Heffernan v. State (Per Curiam)

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Justia Opinion Summary

The Arkansas Supreme Court denied Petitioner’s pro se second petition to reinvest jurisdiction in the trial court to consider a petition for writ of error coram nobis. Petitioner, who was convicted by a jury of capital felony murder and sentenced to life imprisonment without the possibility of parole, asserted in his petition that the prosecution committed a violation of Brady v. Maryland by withholding evidence at the time of trial. The Supreme Court held (1) the allegations advanced by Petitioner did not warrant reinvesting jurisdiction in the trial court to consider a coram nobis petition; and (2) further, Petitioner failed to exercise due diligence in bringing this coram nobis petition.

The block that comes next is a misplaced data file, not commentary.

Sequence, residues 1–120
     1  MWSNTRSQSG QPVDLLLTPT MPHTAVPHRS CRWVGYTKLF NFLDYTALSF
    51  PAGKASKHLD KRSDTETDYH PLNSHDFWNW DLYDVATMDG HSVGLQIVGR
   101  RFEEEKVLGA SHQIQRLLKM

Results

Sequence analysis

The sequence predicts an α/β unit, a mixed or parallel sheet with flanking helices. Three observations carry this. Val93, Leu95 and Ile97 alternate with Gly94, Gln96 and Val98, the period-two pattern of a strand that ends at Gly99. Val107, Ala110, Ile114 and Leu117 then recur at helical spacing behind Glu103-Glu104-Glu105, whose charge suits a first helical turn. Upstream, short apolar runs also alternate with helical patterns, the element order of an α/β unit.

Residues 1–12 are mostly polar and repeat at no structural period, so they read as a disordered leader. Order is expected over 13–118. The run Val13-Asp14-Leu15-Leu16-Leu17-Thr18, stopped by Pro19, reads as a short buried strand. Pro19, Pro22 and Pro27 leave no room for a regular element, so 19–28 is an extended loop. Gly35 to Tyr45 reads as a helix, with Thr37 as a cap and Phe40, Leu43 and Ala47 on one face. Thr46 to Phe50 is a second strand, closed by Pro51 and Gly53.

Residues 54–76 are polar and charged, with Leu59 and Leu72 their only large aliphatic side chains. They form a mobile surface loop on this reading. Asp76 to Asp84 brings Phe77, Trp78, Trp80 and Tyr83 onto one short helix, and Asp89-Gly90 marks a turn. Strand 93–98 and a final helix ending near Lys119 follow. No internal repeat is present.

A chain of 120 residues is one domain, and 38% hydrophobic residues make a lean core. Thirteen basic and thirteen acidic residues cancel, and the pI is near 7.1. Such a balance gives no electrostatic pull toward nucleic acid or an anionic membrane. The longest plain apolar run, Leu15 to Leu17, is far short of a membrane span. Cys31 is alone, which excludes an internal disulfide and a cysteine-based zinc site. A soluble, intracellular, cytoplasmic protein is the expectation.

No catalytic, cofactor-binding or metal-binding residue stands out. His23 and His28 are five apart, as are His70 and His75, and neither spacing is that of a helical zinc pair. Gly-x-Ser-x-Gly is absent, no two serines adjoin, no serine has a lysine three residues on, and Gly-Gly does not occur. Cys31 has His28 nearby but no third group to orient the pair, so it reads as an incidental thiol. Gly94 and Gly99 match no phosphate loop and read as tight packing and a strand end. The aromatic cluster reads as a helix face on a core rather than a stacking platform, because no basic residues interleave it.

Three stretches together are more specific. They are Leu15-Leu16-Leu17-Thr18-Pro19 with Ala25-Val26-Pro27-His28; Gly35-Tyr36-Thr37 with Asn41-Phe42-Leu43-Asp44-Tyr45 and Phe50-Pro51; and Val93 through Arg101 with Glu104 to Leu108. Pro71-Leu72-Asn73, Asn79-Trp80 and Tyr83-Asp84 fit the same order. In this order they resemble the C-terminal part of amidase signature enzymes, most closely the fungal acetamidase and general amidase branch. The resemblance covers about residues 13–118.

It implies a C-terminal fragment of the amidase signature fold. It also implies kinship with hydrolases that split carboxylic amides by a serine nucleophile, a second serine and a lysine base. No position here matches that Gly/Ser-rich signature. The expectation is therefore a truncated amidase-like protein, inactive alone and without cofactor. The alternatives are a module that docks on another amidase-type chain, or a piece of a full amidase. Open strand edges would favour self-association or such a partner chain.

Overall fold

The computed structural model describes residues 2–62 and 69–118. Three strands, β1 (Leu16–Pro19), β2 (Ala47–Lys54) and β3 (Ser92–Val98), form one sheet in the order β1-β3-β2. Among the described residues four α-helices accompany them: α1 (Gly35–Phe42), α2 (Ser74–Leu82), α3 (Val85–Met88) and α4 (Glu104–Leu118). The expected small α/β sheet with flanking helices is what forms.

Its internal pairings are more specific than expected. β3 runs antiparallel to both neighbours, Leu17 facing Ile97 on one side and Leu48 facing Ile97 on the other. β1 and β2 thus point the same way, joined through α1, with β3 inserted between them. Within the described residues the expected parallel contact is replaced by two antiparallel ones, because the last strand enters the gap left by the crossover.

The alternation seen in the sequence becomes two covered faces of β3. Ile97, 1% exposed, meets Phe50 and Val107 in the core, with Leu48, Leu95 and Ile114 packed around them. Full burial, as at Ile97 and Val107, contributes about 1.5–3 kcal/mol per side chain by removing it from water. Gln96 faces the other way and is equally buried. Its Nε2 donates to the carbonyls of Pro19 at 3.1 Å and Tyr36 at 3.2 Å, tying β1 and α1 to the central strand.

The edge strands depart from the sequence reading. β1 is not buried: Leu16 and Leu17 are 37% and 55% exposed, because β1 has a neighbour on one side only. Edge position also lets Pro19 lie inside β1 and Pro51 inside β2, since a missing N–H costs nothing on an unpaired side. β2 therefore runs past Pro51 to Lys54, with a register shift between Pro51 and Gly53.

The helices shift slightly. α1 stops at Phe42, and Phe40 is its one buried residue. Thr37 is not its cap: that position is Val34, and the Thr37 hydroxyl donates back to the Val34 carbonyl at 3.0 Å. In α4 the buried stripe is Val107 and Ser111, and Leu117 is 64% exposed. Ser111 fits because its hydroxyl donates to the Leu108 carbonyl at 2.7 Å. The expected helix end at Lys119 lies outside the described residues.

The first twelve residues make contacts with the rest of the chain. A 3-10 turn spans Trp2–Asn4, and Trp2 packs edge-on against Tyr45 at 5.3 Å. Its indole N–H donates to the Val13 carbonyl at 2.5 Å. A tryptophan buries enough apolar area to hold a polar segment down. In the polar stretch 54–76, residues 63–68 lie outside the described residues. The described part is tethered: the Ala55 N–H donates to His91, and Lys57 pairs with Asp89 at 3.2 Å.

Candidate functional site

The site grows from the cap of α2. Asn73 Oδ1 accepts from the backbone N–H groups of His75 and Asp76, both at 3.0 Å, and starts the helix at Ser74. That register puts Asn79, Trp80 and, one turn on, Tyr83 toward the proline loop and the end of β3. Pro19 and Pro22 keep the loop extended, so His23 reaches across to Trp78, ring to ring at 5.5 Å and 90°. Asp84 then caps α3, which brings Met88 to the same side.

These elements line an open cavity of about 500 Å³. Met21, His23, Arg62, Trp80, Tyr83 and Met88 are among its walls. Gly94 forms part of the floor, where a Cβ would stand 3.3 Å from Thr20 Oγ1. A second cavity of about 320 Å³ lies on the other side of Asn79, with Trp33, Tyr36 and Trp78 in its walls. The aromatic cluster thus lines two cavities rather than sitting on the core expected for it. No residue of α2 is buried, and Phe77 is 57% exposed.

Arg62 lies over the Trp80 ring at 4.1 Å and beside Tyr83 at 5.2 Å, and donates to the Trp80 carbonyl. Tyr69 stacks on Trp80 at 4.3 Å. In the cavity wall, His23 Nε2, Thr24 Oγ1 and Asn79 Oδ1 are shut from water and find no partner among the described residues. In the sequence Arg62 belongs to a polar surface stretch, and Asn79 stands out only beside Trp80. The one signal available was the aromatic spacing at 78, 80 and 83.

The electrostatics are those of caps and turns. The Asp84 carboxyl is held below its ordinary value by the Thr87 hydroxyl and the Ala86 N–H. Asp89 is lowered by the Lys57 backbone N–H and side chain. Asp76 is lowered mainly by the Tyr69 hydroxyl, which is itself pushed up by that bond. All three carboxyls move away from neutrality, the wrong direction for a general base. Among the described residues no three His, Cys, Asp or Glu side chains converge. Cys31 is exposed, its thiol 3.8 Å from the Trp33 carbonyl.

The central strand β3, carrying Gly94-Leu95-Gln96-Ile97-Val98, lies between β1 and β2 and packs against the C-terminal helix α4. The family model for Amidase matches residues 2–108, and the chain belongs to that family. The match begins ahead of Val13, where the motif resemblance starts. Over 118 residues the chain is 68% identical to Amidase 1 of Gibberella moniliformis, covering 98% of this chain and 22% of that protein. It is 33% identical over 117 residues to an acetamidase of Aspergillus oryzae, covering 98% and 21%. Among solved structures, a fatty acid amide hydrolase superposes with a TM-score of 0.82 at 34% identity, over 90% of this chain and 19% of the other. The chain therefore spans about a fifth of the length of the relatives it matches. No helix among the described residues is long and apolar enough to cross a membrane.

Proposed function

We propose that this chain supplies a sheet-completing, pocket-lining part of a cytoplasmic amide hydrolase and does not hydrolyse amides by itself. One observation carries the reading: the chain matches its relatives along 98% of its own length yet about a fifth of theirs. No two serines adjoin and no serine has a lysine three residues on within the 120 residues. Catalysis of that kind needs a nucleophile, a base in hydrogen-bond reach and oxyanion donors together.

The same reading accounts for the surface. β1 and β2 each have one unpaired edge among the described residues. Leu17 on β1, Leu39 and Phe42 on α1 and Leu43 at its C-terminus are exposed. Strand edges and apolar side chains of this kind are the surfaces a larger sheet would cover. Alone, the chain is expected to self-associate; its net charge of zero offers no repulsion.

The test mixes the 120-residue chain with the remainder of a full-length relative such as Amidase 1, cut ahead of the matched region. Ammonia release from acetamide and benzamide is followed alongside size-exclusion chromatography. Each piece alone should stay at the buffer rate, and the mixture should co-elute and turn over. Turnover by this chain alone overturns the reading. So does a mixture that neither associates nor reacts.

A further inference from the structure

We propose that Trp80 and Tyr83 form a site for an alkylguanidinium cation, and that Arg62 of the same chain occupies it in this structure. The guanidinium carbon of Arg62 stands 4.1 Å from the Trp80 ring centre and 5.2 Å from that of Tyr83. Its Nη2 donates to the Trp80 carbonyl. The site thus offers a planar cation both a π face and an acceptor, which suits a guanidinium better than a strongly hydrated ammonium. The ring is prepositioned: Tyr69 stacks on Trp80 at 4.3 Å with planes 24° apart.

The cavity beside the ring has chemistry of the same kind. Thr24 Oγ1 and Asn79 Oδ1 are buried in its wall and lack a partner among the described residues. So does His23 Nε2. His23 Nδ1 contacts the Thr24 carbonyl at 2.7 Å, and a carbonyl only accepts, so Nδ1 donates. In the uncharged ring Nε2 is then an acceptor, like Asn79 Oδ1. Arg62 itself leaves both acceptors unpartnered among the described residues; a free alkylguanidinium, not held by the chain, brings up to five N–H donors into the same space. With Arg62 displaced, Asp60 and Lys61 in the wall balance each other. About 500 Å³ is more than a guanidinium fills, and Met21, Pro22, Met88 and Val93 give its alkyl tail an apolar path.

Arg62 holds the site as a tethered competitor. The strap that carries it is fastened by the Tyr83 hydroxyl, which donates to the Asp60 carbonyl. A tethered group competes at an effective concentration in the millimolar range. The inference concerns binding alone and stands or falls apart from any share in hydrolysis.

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Cite as 2017 Ark. 177 SUPREME COURT OF ARKANSAS. No. ROBERT R. HEFFERNAN a/k/a ROBERT RICHARD HEFFERNAN CR-81-82 Opinion Delivered May 11, 2017 PRO SE SECOND PETITION TO PETITIONER REINVEST JURISDICTION IN THE TRIAL COURT TO CONSIDER A PETITION FOR WRIT OF ERROR V. CORAM NOBIS [SALINE COUNTY CIRCUIT COURT, STATE OF ARKANSAS NO. 63CR-80-41] RESPONDENT PETITION DENIED. PER CURIAM Petitioner Robert R. Heffernan, also known as Robert Richard Heffernan, was convicted by a jury of capital felony murder and sentenced to life imprisonment without parole in the Arkansas Department of Correction. This court affirmed. Heffernan v. State, 278 Ark. 325, 645 S.W.2d 666 (1983). Now before this court is Heffernan’s pro se second petition to reinvest jurisdiction in the trial court to consider a petition for writ of error coram nobis.1 The petition for leave to proceed in the trial court is necessary because the trial court can entertain a petition for writ of error coram nobis after a judgment has been affirmed on appeal only after we grant permission. Pinder v. State, 2015 Ark. 423, 474 S.W.3d 490 (per curiam). A writ of error coram nobis is an extraordinarily rare remedy. Id. at 2–3, 474 1 For clerical purposes, the instant pleading was assigned the same docket number as the direct appeal of the judgment. Cite as 2017 Ark. 177 S.W.3d at 492. Coram nobis proceedings are attended by a strong presumption that the judgment of conviction is valid. Id. The function of the writ is to secure relief from a judgment rendered while there existed some fact that would have prevented its rendition if it had been known to the trial court and which, through no negligence or fault of the defendant, was not brought forward before rendition of the judgment. Id. The petitioner has the burden of demonstrating a fundamental error of fact extrinsic to the record. Id. The writ is allowed only under compelling circumstances to achieve justice and to address errors of the most fundamental nature. Id. A writ of error coram nobis is available for addressing certain errors that are found in one of four categories: (1) insanity at the time of trial, (2) a coerced guilty plea, (3) material evidence withheld by the prosecutor, or (4) a third-party confession to the crime during the time between conviction and appeal. Id.; Howard v. State, 2012 Ark. 177, at 4, 403 S.W.3d 38, 43. When a petitioner files successive applications for coram nobis relief in this court, it is an abuse of the writ to argue the same claims that have been addressed if the petitioner does not allege new facts that are sufficient to distinguish his latest claims from the prior claims. Wallace v. State, 2016 Ark. 400, at 10–11, 503 S.W.3d 754, 760 (per curiam). In Heffernan’s first application for coram nobis relief, he claimed he was insane and incompetent at all stages of his trial and was taking psychotropic medications; thus, he could not possess any rational understanding of the proceedings against him and was unable to assist his attorneys in his defense. Heffernan v. State, CR-81-82 (Ark. Feb. 22, 2007) (unpublished per curiam). Here, Heffernan raises a wholly new claim based on the holding in Brady v. Maryland, 373 U.S. 83 (1963), which prohibited the prosecution from 2 Cite as 2017 Ark. 177 withholding material exculpatory evidence from the defense. Heffernan contends he is entitled to coram nobis relief because the prosecutor withheld a confession made by the codefendant, Michael Breault, that he killed the victim. The confession was in a letter dated November 10, 1980, and referenced in a supplemental motion for discovery and continuance filed on April 27, 1981. It was also in an affidavit by defense counsel regarding Breault’s psychiatric report in which Breault allegedly made an additional admission to killing the victim. While allegations of a Brady violation fall within one of the four categories of fundamental error that this court has recognized in coram nobis proceedings, the fact that a petitioner alleges a Brady violation alone is not sufficient to provide a basis for error coram nobis relief. Davis v. State, 2016 Ark. 296, at 3, 498 S.W.3d 279, 281 (per curiam). Furthermore, to merit relief on a claim of a Brady violation, a petitioner must demonstrate that there is a reasonable probability that the judgment of conviction would not have been rendered, or would have been prevented, had the information been disclosed at trial. Noble v. State, 2014 Ark. 332, at 4, 439 S.W.3d 47, 50 (per curiam). A Brady violation is established when material evidence favorable to the defense is wrongfully withheld by the State. Ventress v. State, 2015 Ark. 181, 461 S.W.3d 313 (per curiam). In Strickler v. Greene, 527 U.S. 263 (1999), the Supreme Court revisited Brady and declared that when the petitioner contends that material evidence was not disclosed to the defense, the petitioner must show that “there is a reasonable probability that, had the evidence been disclosed to the defense, the result of the proceeding would have been 3 Cite as 2017 Ark. 177 different.” Strickler, 527 U.S. at 280 (quoting United States v. Bagley, 473 U.S. 667, 682 (1985)). In Strickler, the Court also set out the three elements of a true Brady violation: (1) the evidence at issue must be favorable to the accused, either because it is exculpatory, or because it is impeaching; (2) the evidence must have been suppressed by the State, either willfully or inadvertently; and (3) prejudice must have ensued. Strickler, 527 U.S. 263; see Howard, 2012 Ark. 177, 403 S.W.3d 38. Before addressing the merits of Heffernan’s claims for relief, a recitation of the evidence adduced at his trial is necessary. The State introduced evidence that on February 3, 1980, the victim, a fourteen-year-old girl, was abducted from a laundromat in Benton, Arkansas, and then raped and shot four times. Heffernan, 278 Ark. at 326, 645 S.W.2d at 666. The victim’s body was discovered the next day near Benton. Heffernan, along with Breault and two women, camped at a park near Benton from February 2 to February 5, and a .357 Magnum, owned by Heffernan, was retrieved from a lake. Ballistics later demonstrated that this gun was the weapon from which the fatal bullets had been fired. Glitter and hair were found on pants in the truck driven by Heffernan and Breault that matched glitter and hair found on the clothing of the victim. Heffernan and Breault were arrested in Colorado. To warrant coram nobis relief, the defendant must have been unaware of the fact alleged to have been unknown to the trial court at the time of trial, and he could not have discovered the fact with the exercise of due diligence. Stenhouse v. State, 2016 Ark. 295, at 7–8, 497 S.W.3d 679, 684 (per curiam). Moreover, the court is not required to accept at 4 Cite as 2017 Ark. 177 face value the allegations of the petition. Chatmon v. State, 2015 Ark. 417, at 2, 473 S.W.3d 542, 544 (per curiam). Heffernan fails to establish a Brady violation because he alleges evidence was withheld by the prosecutor at the time of trial; however, Heffernan’s own petition makes reference to the fact that the November 10, 1980 letter “was never given” to his counsel but then alleges that “how they got a copy of this letter . . . is unknown[]” and that his counsel was aware “that Breault’s confession did exculpate petitioner, and said, he did kill [the victim].” Even if the letter had been exculpatory, the issue of the discovery of the November 10, 1980 letter was addressed on direct appeal. See Heffernan, 278 Ark. at 328–29, 645 S.W.2d at 667–68. Heffernan argued that the State, in violation of a request for discovery, did not furnish the defense with a copy of the letter. The State argued that its entire file, including the letter, had been made available to the defense in compliance with the discovery request, and Heffernan’s counsel acknowledged as much. In fact, Heffernan’s counsel filed a petition for writ of prohibition in this court on April 27, 1981, the date of trial, and attached a copy of the November 10, 1980 letter, which “verifies the statement that [defense counsel] had discovered the letter in his files prior to trial.” Heffernan, 278 Ark. at 328, 645 S.W.2d at 668. Heffernan fails to point to any evidence that was withheld by the State that was unknown to the defense or that any prejudice ensued. See Anderson v. State, 2017 Ark. 44, at 6, 510 S.W.3d 755 (per curiam). Because the petition does not demonstrate a fundamental error of fact extrinsic to the record, the allegations advanced by Heffernan do not warrant reinvesting jurisdiction in the trial court to consider a coram nobis petition. Id. 5 Cite as 2017 Ark. 177 In addition, Heffernan has failed to exercise due diligence in bringing this coram nobis petition. We have consistently held that due diligence is required in making application for coram nobis relief, and in the absence of a valid excuse for delay, the petition can be denied on that basis alone. Ratchford v. State, 2015 Ark. 309, 468 S.W.3d 274 (per curiam). This court will itself examine the diligence requirement and deny a petition where it is evident that a petitioner failed to proceed diligently. Roberts v. State, 2013 Ark. 56, at 12, 425 S.W.3d 771, 778. Due diligence requires that (1) the defendant be unaware of the fact at the time of trial; (2) the defendant could not have, in the exercise of due diligence, presented the fact at trial; and (3) upon discovering the fact, the defendant did not delay bringing the petition. Grant v. State, 2016 Ark. 82, at 6, 484 S.W.3d 272, 276 (per curiam). The judgment in Heffernan’s case was affirmed in 1983; yet, he did not bring his petition for more than thirty-four years, and he has not shown in his petition that he exercised due diligence in raising his claims for coram nobis relief. Petition denied. 6